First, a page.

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Teach Your Staff these 6 Customer Service Tips

Customer service is an essential part of any business, including your child care center. As a small business, you don’t have the luxury of relying on a dedicated team of customer service specialists. Every single employee at your center is part of your customer service team.

It’s important for all of your employees to have the ability to answer questions from potential customers and current families. The information staff members share with moms and dads should be consistent, no matter who a parent turns to with their concerns.

For impressive child care customer service, teach your staff these tips:

1. Be Available

Customer service isn’t just answering the phone. Parents should also be able to reach you using your website, social media accounts, email and Google My Business, as well as in person. No matter how customers choose to reach out, your center needs to respond quickly and accurately.

2. Use Accessible Communication

Whether you’re communicating with one parent or sending an email to a whole list, make sure the information you send is accessible. That means making your emails and website mobile-friendly, as well as using ADA-compliant design.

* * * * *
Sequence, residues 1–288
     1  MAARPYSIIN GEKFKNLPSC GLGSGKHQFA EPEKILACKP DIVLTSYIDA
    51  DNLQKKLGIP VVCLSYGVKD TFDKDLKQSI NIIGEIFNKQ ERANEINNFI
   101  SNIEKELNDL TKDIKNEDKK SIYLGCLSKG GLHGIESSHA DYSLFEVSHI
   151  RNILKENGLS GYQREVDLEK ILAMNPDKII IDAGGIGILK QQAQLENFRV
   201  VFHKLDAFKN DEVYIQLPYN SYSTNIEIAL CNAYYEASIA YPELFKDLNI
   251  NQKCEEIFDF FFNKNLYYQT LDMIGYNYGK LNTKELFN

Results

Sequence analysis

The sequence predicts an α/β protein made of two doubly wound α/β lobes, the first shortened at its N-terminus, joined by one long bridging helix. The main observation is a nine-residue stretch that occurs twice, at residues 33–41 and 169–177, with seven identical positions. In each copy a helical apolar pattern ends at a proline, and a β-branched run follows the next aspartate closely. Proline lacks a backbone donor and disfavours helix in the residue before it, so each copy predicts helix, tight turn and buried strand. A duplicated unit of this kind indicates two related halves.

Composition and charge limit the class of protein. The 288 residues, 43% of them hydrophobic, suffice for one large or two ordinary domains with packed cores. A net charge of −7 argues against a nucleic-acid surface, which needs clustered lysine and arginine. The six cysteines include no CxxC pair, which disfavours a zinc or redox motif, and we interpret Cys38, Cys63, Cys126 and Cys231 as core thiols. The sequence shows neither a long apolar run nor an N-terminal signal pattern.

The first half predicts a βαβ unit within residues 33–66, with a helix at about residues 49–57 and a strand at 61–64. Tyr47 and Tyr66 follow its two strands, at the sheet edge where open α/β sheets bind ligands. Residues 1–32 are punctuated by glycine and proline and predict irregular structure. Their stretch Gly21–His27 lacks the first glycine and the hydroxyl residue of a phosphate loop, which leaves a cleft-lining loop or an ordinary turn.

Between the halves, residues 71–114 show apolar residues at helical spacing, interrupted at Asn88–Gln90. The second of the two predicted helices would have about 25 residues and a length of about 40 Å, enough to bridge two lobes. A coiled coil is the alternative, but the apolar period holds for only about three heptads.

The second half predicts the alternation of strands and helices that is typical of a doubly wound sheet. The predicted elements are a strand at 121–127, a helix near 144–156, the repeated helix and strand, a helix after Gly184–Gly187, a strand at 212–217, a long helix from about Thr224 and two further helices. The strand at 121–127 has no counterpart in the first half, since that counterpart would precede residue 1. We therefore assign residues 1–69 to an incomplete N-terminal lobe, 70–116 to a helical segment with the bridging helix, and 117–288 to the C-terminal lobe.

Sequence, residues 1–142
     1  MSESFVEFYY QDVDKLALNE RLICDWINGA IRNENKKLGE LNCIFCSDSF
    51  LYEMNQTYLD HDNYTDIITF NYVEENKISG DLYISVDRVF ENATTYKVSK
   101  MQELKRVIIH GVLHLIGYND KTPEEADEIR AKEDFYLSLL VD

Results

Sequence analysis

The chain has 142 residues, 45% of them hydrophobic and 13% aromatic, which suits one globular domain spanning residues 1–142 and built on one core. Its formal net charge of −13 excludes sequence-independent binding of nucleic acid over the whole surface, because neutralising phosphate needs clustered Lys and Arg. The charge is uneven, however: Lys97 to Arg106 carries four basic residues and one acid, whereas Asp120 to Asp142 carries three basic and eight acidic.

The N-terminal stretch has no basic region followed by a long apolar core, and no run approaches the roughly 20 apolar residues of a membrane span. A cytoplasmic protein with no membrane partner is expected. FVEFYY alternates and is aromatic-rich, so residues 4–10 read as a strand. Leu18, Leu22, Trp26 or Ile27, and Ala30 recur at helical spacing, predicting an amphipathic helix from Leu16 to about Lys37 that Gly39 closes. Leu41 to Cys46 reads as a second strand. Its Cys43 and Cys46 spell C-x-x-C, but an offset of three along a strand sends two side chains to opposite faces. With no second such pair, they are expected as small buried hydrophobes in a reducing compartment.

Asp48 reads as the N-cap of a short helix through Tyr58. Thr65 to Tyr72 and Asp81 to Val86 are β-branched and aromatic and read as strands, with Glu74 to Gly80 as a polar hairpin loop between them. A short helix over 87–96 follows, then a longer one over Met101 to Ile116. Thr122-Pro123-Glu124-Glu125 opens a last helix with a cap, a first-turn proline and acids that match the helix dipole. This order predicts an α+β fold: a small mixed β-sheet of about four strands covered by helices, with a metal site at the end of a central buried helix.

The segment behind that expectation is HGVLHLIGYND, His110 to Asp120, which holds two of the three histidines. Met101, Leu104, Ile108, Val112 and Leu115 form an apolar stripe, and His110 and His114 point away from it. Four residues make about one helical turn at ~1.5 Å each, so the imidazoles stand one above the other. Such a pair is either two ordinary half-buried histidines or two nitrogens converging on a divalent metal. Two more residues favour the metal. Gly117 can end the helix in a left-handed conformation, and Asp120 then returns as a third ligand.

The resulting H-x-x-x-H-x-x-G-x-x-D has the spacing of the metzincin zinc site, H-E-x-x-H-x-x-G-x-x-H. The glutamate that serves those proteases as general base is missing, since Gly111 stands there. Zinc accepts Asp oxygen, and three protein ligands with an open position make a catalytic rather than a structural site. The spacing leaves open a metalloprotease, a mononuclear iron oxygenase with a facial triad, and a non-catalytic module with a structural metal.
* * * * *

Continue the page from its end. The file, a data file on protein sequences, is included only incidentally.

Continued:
3. Integrate with Marketing

Use customer service as part of your center’s marketing. When your staff effectively remedy a concern, there’s an opportunity to turn a lead into a customer. Competent customer service can also increase the referrals you receive from satisfied clients.

4. Offer FAQs

To alleviate some customer service tasks from your staff’s to do list, offer an in-depth frequently asked questions section on your website.

5. Think Long Term

Concerns solved hastily can rear their ugly heads again and again. Instead of looking for quick fixes, train your staff to think about long-term solutions. No matter what solution you agree on, follow up with families to make sure they’re still satisfied.

6. Escalate Major Concerns

Let your staff know that it’s okay if they can’t solve every problem. Have a process for teachers to follow when a parent has a significant or unique concern.